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Season’s Greetings December 24, 2010

Posted by Audit Monkey in The Joy & Pain of Internal Audit, Working Life in Britain.
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So, the pagan festival of Christmas, hijacked by the forces of consumerism is nearly upon us. I wish the avid readers of the blog, a Merry Christmas and a Happy New Year.

My new year’s resolution will be to avoid as much auditing as possible. Fat chance as no doubt, many hours will be spent reading, re-reading and reviewing procedures, then recommending in the absence of procedures, these are written. If procedures notes are available, I will recommend that they be enhanced. As long as I’m handsomely rewarded, I suppose I shouldn’t complain.

Season’s Greetings,

Audit Monkey

“Have You Got Documented Procedures?” April 26, 2010

Posted by Audit Monkey in The Joy & Pain of Internal Audit.
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The politics posts on the Blog are going down like a lead balloon so time to revert to good old-fashioned auditing.

Those in the know will recognise the title of this post; it is the first question the auditor will rattle off at the start of the interview with the auditee to ascertain how a process or system works. Inevitably the answer is “yes”, or “yes but they require updating” or “sorry, guv’, can’t be doing with’em”. (Well, I exaggerate, no-one has said the latter but a bit of honesty once in a while would be refreshing).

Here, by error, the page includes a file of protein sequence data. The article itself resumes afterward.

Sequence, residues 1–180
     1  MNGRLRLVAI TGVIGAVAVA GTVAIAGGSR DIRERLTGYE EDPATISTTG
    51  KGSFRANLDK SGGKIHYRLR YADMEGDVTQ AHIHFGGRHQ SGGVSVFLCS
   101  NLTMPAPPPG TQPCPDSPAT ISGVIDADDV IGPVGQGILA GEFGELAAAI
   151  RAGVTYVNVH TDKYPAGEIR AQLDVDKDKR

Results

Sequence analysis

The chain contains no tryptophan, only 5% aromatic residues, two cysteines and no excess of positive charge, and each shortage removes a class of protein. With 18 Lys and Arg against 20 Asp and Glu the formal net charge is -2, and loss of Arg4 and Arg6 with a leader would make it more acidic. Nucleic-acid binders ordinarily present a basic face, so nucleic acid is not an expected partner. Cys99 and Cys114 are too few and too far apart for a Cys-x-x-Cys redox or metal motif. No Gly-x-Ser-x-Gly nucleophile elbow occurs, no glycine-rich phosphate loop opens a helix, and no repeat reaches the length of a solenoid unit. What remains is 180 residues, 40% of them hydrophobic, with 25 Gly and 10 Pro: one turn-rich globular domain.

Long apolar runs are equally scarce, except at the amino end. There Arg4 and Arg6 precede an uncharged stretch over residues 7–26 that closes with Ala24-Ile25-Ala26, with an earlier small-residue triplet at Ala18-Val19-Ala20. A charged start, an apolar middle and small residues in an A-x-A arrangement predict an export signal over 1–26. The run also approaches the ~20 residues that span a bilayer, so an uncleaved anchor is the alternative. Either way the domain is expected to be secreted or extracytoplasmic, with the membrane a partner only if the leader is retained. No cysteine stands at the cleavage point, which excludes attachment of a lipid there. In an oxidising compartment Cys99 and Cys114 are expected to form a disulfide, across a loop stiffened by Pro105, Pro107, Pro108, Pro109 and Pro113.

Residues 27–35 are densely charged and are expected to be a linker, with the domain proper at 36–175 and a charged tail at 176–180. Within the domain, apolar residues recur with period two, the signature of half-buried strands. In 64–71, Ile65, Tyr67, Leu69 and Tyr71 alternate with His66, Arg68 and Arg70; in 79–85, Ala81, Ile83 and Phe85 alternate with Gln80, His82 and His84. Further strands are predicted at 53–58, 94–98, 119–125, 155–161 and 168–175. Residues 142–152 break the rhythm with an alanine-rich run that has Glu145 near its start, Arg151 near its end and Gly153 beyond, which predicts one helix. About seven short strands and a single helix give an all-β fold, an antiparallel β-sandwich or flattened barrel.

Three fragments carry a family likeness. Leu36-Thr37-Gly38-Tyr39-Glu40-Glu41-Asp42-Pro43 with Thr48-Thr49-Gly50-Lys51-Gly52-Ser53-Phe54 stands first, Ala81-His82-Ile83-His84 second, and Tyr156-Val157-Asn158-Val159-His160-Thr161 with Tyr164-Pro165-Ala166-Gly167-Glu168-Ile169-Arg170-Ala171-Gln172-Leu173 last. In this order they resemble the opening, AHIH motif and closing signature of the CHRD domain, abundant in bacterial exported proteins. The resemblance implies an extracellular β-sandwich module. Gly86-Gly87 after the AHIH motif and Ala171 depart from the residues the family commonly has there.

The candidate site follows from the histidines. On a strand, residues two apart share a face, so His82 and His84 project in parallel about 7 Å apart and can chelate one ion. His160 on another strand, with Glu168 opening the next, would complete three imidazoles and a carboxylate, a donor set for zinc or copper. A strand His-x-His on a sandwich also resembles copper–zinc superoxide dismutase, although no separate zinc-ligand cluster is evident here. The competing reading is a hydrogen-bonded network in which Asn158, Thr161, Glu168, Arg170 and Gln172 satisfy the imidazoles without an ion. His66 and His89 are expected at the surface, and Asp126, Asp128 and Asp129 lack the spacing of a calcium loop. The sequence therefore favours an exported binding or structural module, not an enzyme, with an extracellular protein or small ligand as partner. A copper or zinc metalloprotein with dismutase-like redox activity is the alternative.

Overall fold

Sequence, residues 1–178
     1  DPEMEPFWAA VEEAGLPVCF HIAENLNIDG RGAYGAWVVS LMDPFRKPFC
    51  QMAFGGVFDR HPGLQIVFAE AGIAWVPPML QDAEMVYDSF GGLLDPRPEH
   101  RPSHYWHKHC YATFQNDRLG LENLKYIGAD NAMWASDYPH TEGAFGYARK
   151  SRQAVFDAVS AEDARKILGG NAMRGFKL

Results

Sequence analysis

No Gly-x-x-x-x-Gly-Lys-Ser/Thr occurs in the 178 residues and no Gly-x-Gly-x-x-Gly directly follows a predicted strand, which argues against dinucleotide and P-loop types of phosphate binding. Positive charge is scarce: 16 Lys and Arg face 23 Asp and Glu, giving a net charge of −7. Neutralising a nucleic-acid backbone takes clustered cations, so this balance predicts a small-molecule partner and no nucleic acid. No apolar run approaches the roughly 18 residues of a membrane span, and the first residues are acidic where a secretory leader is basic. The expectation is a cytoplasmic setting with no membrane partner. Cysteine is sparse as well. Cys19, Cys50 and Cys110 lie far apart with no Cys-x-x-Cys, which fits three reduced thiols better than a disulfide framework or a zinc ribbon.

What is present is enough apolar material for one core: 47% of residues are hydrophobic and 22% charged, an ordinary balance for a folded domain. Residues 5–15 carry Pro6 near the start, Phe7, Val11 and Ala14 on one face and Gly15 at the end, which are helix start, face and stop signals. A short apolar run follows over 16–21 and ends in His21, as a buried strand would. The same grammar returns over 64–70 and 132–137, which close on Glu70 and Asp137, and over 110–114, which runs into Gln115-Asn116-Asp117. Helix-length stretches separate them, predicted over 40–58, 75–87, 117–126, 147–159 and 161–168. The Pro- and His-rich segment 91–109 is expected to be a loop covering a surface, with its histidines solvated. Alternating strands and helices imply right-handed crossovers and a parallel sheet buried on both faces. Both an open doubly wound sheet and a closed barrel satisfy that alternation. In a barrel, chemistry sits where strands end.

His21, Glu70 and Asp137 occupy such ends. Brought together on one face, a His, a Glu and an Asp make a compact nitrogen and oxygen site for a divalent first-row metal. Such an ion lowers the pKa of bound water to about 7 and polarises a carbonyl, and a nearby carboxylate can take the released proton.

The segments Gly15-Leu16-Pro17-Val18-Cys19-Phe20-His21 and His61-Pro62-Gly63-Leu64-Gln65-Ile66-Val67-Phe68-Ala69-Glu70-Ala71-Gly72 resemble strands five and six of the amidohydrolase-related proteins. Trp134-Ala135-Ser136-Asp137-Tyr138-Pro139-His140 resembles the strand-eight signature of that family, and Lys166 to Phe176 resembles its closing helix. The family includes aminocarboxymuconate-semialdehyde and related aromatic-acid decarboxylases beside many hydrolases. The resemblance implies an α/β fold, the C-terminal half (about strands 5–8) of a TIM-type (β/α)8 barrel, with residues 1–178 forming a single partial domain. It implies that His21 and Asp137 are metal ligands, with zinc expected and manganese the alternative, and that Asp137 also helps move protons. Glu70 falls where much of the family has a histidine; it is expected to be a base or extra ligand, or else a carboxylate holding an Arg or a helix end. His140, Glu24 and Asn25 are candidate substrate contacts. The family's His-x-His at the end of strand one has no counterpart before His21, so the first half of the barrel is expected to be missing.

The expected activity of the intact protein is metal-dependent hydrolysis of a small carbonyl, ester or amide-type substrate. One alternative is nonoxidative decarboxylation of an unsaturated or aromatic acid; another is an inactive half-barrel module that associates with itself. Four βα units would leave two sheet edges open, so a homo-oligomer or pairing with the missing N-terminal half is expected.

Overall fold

I always find asking this question rather laborious as it will often result in the standard audit recommendation that “procedures are drafted, updated, etc”. Job done.
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Rules Are Rules February 28, 2010

Posted by Audit Monkey in The Joy & Pain of Internal Audit, Working Life in Britain.
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I have been trying to write this post for a couple of weeks now. Hopefully tonight’s attempt will prove fruitful.

The Times (11 Feb 2010) carried an article by Melanie Reid regarding the suicide of a medical records supervisor by the name of Brian Gilfillan in the NHS. The circumstances are quite tragic and his death was possbily avoidable.

A brief synopsis. Mr.Gilfillan was responsible for ensuring that there was sufficient stationery and patient information leaflets available in his department in NHS Fife. Orders were authorised (signed off) by a supervisor, in this case by one Anne Starkie. In Mrs.Starkie’s absence, Mr.Gilfillan authorised the orders but he signed Mrs.Starkie’s signature in order to facilitate the process.
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